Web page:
Charleston300

Charleston of course is the home town of the Charleston dance, which resulted indirectly from a new law passed by President Wilson after the First World War that permitted US citizens to be silly in public. The "Megaphone Post", which also originated at this time and involved people shouting their messages through a loudhailer to a recipient across town, was more short-lived. Charleston was slightly less famous for its many salt and pepper-mill makers, who made the city an absolute mecca for those wanting the very latest hand-crafted condiment accessories. 

By the 1930s, a whole block in the middle of town was taken up by salt and pepper-mill manufacturers and the area became known as "Grind Alley". There were occasional misunderstandings when young women wrote their parents they had obtained employment in Grind Alley, but, by and large, it was a prosperous area until the collapse of the industry in the early 1970s, which many attribute to the scene in Easy Rider in which Peter Fonda uses a stainless steel cruet set in a bikers' cafe as a modernist statement satirising the status-based aspirations of the bourgeoisie.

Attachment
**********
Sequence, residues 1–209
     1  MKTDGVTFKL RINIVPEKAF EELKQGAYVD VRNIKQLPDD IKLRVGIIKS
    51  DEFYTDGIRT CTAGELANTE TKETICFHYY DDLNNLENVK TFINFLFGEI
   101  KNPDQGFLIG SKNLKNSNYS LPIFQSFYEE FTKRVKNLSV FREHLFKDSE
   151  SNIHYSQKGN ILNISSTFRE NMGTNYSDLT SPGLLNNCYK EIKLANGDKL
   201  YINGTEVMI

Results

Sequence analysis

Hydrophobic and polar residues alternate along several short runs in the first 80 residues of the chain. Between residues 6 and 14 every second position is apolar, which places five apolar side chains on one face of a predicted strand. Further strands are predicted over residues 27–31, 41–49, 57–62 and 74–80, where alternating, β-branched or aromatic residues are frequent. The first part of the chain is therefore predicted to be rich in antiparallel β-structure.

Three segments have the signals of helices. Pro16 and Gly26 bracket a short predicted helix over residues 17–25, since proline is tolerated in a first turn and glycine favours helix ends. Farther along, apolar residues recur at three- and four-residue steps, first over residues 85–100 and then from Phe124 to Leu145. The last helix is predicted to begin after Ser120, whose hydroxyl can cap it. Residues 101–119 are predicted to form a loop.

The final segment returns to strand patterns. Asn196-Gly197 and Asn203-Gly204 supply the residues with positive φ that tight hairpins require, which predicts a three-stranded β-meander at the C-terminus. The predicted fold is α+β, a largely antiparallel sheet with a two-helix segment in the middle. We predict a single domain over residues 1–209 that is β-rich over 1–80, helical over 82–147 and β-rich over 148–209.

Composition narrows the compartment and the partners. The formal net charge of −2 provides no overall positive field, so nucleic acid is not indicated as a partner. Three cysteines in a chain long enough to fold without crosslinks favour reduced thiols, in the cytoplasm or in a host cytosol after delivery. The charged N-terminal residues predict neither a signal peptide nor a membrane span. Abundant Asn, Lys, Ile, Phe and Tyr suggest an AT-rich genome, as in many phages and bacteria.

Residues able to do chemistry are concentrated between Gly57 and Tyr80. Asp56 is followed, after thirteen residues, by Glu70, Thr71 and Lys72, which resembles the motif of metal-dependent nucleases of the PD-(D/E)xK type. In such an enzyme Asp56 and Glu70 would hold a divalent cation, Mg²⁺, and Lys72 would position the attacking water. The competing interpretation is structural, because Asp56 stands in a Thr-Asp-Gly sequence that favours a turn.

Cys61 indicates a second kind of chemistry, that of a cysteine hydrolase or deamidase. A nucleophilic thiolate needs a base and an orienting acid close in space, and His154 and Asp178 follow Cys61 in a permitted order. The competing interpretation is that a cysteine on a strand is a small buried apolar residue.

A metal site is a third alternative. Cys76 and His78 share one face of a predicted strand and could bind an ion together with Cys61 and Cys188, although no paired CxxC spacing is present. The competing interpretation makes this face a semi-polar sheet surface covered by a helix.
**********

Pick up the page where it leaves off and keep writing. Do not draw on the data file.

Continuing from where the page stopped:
This followed earlier protests from the country's religious right that salt-and-pepper grinders were, in both shape and mechanism, morally compromising. Watch out for the infamous "spittle" scene in the 1964 film Night of the Iguana, initially deleted owing to the censor's complaint that Richard Burton rotated his pepper-grinder too slowly. Cameron Carter

Sign up to the WSC Weekly Howl - a small portion of despair and enlightenment delivered to your inbox every Friday